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#19

Post by tommy_leazaq » October 6th, 2016, 9:31 am

RBG on Oct 5 2016, 03:22:37 PM wrote: there are some terrific tamil and telugu films too (tollywood)




"Terrific tamil movies" is not something one would hear more often :D So, what are those films ? Also, you haven't seen Rajamouli's magnum opus yet..

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#20

Post by tommy_leazaq » October 6th, 2016, 9:40 am

Regarding the length, Indian audience (at least till last decade) love to watch every genre mixed as a nice package in a film. You will have bit of drama, musical numbers, comedy, romance, action and some thrills in a single film. In recent times only, coupled with this generation's low attention span, people have been accepting single genre films. So you'd see lot of films with less than 140 minutes now. Nowadays, the only films that get around 3 hour runtime is the films with mega stars (the Khans, Rajnikanth etc.) or epic-in-scope films (Baahubali). Exceptions can be there like Gangs of Wasseypur, but that's just director's wish (The director Anurag Kashyap is currently the best in Bollywood. Try some of his films. His recent output Raman Ragav 2.0 is a good thriller)

Also, Bollywood (Hindi language) films without mega stars are having decent quality, less songs, less runtime. Almost all the recent Bollywood films that are said to be decent are the ones without mega stars.

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#21

Post by Coco LaBerge » October 6th, 2016, 10:06 am

Gershwin on Oct 5 2016, 06:11:03 PM wrote:
pjim on Oct 5 2016, 05:34:19 PM wrote:That one where the guy's a robot and he multiplies him self and turns into a massive snake made of his robot clones, I liked that.
Sounds like a Thai/Japanese collaboration to me.
Enthiran, that's the one. Not really bollywood though as it's Tamil apparently.

Here is some of its genius.

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#22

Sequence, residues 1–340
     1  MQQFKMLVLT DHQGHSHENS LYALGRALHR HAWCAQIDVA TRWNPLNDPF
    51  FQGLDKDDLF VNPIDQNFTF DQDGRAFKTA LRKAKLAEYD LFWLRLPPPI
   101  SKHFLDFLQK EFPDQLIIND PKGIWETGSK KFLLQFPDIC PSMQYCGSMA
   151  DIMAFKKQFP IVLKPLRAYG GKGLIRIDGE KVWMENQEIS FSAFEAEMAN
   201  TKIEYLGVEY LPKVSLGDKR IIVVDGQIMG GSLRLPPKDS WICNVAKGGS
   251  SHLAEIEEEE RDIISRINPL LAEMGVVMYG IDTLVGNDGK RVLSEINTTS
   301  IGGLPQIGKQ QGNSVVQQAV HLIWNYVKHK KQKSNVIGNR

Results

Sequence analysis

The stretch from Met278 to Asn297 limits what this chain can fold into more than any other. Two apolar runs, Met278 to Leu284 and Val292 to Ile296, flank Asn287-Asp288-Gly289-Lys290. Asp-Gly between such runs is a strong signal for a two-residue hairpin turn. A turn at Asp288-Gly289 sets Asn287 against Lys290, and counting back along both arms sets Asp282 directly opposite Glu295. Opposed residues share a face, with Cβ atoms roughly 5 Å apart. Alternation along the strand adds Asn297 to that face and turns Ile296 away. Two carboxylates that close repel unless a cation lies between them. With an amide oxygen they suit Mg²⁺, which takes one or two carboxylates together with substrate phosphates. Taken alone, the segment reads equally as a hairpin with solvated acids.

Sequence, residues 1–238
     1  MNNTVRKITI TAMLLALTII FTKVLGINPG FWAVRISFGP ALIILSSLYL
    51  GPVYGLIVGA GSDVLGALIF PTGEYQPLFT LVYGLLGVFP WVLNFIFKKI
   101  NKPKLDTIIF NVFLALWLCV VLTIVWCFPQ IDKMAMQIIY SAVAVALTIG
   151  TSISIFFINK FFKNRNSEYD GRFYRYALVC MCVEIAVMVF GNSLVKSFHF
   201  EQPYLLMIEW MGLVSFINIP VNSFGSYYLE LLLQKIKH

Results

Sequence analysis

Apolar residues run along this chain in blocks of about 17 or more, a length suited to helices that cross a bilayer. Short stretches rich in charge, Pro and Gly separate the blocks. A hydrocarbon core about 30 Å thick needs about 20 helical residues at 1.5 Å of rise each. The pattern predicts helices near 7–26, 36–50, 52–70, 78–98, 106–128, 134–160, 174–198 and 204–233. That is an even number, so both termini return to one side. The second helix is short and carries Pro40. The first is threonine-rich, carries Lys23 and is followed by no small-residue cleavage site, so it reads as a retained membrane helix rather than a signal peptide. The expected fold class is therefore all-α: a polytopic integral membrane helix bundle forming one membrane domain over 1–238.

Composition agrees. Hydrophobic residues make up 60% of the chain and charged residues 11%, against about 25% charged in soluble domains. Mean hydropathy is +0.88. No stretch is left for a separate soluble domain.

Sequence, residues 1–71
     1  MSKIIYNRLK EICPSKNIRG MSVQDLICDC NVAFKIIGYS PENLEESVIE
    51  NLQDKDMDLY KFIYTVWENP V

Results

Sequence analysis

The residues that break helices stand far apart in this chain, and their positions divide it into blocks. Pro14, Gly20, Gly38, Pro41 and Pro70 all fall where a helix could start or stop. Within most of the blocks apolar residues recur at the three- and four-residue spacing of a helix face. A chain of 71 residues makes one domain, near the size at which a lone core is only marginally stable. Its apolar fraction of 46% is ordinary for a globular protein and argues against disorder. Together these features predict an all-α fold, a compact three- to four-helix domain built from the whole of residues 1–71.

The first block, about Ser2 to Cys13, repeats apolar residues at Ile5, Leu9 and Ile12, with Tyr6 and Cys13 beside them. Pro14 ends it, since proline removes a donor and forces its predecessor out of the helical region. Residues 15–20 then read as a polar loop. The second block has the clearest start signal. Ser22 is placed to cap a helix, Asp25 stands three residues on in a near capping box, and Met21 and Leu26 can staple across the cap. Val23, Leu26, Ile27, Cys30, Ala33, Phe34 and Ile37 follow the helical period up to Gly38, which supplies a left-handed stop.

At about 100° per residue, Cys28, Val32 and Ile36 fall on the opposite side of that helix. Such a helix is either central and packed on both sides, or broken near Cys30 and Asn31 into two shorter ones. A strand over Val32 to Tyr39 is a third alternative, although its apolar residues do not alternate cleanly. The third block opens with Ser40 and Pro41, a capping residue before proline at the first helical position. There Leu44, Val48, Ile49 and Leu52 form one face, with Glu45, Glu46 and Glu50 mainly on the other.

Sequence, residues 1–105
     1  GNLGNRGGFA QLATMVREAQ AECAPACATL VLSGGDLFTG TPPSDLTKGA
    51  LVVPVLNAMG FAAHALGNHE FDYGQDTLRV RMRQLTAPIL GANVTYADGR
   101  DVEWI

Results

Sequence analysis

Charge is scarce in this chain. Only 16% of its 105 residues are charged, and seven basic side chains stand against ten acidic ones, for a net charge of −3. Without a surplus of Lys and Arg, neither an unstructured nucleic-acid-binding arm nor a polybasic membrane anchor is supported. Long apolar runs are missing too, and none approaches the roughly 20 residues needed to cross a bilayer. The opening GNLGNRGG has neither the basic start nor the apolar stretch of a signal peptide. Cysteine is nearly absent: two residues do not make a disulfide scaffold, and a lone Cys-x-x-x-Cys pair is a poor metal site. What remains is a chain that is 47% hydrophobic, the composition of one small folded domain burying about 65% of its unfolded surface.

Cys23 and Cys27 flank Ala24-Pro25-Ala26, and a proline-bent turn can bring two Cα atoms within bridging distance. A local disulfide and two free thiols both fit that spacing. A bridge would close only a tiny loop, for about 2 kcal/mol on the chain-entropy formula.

Post by Daviddoes » October 6th, 2016, 10:53 am

tommy_leazaq on Oct 6 2016, 03:40:58 AM wrote:Exceptions can be there like Gangs of Wasseypur, but that's just director's wish (The director Anurag Kashyap is currently the best in Bollywood. Try some of his films. His recent output Raman Ragav 2.0 is a good thriller)
I recently watched Raman Ragav 2.0 and it made me sick to my stomach, as the movie focuses on a remorseless killer that is a compliment.

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#23

Post by PUNQ » October 6th, 2016, 12:11 pm

xianjiro on Oct 5 2016, 09:33:02 PM wrote:
PUNQ on Oct 5 2016, 05:08:31 PM wrote:The reason for their excessive length is jokingly (or seriously?) credited to cinemas having air-con! For some reason it's always been like that. Co-incidentally I found a bunch of 1930s Indian cinema that I hadn't seen today over at indiancine.ma. Will be checking those out the next week. But even back then the films where over 2 hours and closing in on 3. Crazy really, but the music business have had a heavy hand in the song & dance stuff using the films to promo their hits. Now that things are going over to streaming things might be changing a little as singles sales are not done in the same way.

Regardless in 2015 I decided to test my patience with Bollywood and try and understand it a little better, only to find out there is also Tollywood, Mollywood and several other. Different regions and languages, which sometimes creates a ton of remakes in the different spoken words and local sensibilities. For example, I pretty much disliked the Hindi film Drishyam (2015), but really liked it's Tamil adaptation Papanasam (2015). Both a remake of the Malayalam language film Drishyam (2013) which was also remade as Drishya (2014) in Kannada and Drushyam (2014) in the Telugu language. Maybe I'll check those last 3 out to see how different the same story can get depending on place of origin. So as you can see Indian cinema is a confusing landscape.